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The WHO has endorsed a new tuberculosis (TB) test, saying it is a "major milestone" and calling for it to be rolled out across affected countries as part of its national TB plans.
The new test, which detects more than 90 per cent of TB cases, including drug-resistant TB and TB in HIV patients, cuts diagnosis time from up to two months to 100 minutes.
It is now being rolled out in India and South Africa, with plans to start using it soon in Ethiopia, Lesotho, Swaziland and Uganda.
"This new test represents a major milestone for global TB diagnosis and care," said Mario Raviglione, director of WHO’s Stop TB Partnership, in a statement this week (8 December).
"We have the scientific evidence, we have defined the policy, and now we aim to support implementation for impact in countries."
Rajiv Shah, administrator of the US Agency for International Development, said in a statement: "USAID stands ready to support the roll-out of this new technology, including the advancement of sound international policy, training and impact monitoring".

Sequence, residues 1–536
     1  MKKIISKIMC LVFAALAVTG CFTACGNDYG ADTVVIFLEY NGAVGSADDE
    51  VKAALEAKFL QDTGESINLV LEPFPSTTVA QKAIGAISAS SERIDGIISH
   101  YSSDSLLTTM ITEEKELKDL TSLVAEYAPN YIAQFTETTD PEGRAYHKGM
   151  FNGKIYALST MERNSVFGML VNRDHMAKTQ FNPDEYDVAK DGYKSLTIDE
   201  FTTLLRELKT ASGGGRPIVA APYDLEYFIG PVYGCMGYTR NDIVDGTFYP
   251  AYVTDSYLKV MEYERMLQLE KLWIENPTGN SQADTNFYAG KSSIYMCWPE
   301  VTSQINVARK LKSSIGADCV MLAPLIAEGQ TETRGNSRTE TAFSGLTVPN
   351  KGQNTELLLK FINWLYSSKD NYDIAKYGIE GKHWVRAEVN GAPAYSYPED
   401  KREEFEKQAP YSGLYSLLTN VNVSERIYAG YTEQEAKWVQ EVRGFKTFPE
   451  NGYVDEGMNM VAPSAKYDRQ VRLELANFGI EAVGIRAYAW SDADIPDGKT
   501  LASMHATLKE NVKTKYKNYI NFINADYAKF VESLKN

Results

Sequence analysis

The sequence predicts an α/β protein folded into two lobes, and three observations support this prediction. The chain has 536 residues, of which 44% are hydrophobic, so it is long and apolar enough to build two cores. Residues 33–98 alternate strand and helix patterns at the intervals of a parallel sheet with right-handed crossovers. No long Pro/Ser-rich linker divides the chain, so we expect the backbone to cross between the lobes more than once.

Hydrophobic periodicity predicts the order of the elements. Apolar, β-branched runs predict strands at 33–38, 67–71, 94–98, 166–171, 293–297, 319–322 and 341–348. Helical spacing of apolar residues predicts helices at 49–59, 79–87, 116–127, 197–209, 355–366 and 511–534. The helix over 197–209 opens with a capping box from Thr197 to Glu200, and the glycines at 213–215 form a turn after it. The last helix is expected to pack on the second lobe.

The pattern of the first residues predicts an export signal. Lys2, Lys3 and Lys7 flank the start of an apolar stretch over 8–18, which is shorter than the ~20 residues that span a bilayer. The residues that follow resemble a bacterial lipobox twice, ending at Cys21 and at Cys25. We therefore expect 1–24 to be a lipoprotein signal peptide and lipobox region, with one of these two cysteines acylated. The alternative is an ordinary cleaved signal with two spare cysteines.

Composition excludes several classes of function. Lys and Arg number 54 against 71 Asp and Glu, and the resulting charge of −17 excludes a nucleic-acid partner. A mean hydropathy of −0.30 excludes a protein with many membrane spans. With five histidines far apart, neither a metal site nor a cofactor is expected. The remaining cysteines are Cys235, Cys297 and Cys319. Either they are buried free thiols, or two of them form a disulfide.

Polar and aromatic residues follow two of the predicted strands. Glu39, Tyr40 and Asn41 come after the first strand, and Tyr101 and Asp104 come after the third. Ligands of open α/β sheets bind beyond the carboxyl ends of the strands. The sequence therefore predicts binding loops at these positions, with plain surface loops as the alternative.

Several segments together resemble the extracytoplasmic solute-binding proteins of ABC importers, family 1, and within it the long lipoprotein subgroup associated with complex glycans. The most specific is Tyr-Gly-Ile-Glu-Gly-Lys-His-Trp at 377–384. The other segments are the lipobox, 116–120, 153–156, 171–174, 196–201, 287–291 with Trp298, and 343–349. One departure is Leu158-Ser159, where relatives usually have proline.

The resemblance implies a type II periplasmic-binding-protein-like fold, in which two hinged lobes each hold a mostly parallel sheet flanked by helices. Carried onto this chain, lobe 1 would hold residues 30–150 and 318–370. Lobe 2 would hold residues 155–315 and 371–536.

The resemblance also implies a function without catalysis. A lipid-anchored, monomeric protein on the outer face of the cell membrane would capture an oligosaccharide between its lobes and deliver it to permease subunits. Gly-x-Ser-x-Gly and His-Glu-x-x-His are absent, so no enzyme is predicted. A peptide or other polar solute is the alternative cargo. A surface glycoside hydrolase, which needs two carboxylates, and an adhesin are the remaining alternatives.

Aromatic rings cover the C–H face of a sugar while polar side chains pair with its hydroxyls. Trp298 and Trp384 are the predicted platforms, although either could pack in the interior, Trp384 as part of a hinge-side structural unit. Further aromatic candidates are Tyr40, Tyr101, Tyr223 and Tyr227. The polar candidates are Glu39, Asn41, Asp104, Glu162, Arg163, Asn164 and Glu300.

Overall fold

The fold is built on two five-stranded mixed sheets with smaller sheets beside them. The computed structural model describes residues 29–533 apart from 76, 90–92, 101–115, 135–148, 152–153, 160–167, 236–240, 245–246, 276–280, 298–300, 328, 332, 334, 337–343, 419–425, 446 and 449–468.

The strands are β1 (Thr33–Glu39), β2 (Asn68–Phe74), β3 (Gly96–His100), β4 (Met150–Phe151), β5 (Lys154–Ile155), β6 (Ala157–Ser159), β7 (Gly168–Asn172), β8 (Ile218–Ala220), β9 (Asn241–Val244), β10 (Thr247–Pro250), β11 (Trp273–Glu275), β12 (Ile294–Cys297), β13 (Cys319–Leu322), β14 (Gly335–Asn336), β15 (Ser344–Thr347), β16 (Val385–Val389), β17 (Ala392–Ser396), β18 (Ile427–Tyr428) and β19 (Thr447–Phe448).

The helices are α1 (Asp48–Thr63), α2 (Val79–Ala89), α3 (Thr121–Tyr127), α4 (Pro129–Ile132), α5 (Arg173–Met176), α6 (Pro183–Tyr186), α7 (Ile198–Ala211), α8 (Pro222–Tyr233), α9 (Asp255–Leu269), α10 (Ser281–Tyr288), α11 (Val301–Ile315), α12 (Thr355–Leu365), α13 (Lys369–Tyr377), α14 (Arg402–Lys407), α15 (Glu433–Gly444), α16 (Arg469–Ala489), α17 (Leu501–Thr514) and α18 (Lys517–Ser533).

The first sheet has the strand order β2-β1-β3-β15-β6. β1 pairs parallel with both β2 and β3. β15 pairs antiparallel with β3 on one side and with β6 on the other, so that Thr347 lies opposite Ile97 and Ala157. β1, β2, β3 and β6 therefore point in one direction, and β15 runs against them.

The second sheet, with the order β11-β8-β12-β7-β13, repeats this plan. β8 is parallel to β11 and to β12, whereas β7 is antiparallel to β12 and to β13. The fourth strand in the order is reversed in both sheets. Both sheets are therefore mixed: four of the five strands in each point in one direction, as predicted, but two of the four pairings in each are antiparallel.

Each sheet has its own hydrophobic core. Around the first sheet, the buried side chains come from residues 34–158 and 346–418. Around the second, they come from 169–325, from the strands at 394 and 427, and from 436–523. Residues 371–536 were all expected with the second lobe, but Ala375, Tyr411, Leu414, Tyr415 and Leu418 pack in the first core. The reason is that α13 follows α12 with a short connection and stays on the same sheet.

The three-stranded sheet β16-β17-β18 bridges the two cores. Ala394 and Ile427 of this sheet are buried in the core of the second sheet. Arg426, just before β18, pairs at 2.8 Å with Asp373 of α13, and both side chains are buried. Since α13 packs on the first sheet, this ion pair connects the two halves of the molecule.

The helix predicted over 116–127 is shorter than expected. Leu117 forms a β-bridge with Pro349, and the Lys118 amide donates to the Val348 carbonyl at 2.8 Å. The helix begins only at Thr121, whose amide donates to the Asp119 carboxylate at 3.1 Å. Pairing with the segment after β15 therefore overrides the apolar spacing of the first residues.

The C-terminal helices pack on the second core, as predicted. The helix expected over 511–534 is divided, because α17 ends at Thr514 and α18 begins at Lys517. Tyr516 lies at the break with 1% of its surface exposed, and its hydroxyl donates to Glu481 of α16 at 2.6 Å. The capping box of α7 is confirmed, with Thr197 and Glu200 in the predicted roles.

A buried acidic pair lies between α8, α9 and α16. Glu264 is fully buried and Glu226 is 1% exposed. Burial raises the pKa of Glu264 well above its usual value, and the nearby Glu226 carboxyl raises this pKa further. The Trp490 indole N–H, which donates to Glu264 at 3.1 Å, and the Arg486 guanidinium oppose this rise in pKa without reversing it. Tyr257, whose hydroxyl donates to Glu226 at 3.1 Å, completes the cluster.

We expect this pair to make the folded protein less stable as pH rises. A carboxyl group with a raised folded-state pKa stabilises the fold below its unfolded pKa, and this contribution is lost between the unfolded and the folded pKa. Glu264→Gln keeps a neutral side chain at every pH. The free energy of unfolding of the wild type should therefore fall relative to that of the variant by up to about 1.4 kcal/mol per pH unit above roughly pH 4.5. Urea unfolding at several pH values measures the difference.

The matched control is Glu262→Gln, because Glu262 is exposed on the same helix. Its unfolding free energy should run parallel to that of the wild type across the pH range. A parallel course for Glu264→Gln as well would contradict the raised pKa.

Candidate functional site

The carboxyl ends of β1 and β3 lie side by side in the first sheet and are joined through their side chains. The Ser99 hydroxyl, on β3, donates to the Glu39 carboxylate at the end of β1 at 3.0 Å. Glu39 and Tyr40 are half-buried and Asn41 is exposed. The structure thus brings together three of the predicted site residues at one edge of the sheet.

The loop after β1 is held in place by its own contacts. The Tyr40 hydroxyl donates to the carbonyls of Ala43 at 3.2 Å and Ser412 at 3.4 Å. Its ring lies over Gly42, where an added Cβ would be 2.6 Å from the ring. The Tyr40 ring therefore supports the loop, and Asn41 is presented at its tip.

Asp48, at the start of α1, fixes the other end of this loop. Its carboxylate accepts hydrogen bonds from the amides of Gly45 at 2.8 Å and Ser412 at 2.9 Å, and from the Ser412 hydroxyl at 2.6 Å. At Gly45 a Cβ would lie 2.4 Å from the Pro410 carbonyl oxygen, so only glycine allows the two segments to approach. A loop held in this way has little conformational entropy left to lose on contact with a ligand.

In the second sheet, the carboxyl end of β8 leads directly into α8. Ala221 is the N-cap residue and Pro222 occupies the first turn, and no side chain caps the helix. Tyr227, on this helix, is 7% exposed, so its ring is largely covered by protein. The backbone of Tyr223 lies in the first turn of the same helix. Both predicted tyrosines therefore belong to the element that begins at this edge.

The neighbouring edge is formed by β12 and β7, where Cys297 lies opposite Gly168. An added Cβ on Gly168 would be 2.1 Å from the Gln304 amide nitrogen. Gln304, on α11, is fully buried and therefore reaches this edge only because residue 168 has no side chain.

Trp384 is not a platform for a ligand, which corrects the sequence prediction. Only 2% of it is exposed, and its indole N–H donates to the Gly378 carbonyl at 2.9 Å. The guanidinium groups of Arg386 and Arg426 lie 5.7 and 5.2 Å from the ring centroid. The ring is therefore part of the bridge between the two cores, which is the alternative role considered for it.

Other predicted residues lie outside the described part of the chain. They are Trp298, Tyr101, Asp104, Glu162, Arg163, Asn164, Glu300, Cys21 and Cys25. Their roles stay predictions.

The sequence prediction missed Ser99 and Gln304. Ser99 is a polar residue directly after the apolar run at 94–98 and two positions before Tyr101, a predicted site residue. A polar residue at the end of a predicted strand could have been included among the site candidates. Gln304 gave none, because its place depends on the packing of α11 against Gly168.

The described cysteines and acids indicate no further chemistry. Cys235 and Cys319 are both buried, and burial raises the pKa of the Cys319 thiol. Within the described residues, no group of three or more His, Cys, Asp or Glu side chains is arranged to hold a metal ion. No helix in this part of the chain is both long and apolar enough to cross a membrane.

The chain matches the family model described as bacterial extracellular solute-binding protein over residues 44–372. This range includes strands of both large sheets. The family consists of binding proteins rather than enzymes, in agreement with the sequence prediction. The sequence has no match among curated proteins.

The Foundation for Innovative New Diagnostics (FIND), a Geneva-based non-profit organisation, has negotiated with the manufacturer, Cepheid, a 75 per cent discount for the equipment for developing countries.
This reduction was dependent on the WHO endorsing it for wide-scale use. Now the price of the device will be US$17,000 for the 116 low- to middle-income countries that have a high TB burden. The price of a single test will be US$16.86.
"As the uptake and production volume go up, the price will come further down," Lakshmi Sundaram, FIND’s advocacy officer, told SciDev.Net.
"WHO and FIND forecast that, within a year, the price of a test will go down to US$14 and, within three years, to US$10."
But she warned that, as the test is taken up, there will be a sudden increase in the number of diagnosed cases. Close collaboration with the drug community is needed through national TB programmes to ensure all diagnosed people have access to treatment, she said.
The WHO is planning a stakeholders meeting in November 2011 to assess evidence about the test’s efficacy and reliability in real-life settings.
See below for a video of how the test works: